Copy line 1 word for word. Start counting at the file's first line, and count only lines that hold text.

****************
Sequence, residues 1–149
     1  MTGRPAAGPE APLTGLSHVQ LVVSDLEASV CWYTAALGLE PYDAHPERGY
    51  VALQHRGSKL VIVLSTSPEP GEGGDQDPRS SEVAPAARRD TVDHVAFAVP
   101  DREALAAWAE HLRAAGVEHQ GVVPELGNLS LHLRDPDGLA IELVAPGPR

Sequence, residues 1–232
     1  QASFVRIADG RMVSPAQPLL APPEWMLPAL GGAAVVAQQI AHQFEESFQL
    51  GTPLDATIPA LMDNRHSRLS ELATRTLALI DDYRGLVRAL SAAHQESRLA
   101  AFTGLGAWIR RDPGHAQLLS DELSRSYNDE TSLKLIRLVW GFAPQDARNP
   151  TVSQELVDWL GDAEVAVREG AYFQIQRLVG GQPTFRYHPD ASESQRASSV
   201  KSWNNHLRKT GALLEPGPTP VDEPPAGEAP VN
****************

Sequence, residues 1–149